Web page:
Hiking through the valleys of the Rocky Mountains was an unreal experience. On either side of me there were huge edifices of rock blanketed in thick clouds, sharply cutting through the fog. Incredibly tall coniferous trees rose beneath the walls as if reaching up to the rock. The only sounds I could hear were the cascading waterfalls and the pitter-patter of rain falling besides me. I was cold and wet, yet so comfortable. I was at ease, alone and surrounded by a powerful environment. As the valleys broke away, I found myself walking through vast meadows. Elk grazed alongside me; they stopped only momentarily to look up with curiosity before continuing on.
On my second night in the park I set up camp at the Cats Lair, then proceeded to hike to Lone Pine Lake. The whole way I strained my neck looking up at gigantic rock walls enveloping the trail. Robins flew around me by the dozens. I walked through Forests of Old Man’s Beard, dead branches covered in a fog of green wool. The lake itself was gorgeous, lined by walls of cold stone and the wet grass; it showed off a brilliant color of green that glowed against the white sky backdrop.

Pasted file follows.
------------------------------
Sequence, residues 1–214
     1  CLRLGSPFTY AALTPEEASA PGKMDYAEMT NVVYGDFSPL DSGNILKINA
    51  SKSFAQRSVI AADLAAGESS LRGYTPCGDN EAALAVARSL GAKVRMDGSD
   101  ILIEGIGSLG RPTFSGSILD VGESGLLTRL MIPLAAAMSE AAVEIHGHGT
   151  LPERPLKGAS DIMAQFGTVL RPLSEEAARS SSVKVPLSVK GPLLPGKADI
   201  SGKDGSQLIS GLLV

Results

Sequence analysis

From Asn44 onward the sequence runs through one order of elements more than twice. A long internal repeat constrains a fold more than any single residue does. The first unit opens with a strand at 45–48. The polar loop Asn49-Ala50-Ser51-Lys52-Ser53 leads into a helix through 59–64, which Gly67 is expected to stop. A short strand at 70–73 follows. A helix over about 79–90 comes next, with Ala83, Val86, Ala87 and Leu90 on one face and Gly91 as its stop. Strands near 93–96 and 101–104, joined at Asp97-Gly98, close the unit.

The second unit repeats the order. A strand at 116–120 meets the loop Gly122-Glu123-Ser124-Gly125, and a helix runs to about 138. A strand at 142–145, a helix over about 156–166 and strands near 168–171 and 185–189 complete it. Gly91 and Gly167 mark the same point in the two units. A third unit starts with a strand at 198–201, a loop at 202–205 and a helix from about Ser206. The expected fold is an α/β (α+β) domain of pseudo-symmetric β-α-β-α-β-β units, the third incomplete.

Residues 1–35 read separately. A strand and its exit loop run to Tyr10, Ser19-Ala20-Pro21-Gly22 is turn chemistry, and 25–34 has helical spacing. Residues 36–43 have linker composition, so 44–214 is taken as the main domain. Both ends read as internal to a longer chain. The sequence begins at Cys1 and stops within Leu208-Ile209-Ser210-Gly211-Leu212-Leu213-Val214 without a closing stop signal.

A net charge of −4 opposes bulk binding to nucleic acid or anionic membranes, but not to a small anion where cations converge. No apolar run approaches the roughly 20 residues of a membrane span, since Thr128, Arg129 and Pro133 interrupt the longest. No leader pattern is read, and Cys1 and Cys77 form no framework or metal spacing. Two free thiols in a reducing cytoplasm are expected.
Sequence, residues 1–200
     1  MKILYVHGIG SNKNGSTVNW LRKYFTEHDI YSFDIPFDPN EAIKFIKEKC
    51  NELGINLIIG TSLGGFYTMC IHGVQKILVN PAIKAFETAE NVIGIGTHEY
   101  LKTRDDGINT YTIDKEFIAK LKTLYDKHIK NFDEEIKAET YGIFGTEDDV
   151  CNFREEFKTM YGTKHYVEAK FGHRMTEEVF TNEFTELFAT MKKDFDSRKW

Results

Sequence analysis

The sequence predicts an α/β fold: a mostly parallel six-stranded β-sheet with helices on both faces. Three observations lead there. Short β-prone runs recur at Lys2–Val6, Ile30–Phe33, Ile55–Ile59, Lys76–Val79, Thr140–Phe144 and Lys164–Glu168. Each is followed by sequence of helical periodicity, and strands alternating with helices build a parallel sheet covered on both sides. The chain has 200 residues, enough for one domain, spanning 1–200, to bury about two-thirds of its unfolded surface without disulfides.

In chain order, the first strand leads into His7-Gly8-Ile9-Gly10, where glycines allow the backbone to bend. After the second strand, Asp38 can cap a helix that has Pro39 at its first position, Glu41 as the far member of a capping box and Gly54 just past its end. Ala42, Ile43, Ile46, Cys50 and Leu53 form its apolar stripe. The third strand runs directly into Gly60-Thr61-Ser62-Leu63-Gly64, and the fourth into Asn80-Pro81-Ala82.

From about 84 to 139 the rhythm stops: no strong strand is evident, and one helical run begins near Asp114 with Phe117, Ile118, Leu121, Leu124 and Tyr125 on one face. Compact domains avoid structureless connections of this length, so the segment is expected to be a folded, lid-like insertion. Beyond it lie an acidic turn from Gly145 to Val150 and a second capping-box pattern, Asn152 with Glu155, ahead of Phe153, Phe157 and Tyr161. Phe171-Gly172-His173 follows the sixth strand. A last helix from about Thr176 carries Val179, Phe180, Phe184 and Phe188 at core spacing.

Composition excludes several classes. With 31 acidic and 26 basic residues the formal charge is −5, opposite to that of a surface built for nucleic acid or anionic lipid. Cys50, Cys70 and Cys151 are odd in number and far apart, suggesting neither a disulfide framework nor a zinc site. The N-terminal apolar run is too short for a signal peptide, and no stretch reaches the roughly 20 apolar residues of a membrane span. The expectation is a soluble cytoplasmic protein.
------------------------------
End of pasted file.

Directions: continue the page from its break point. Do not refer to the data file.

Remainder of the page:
On the Tonohutu trail I walked through the aftermath of a huge forest fire. The air smelled smoky. What was once thick woodland was now a forest of burnt, branchless trees charred with a black coat. On the floor was a layer of fertile soil around burnt stumps that gave birth to young flowers. It was a vivid image of death yielding a new generation of life.
The alpine zones, the meadows and the timberland left me in constant awe. They inspired and motivated me to think, examine, explore and learn from what this incredible environment had to share.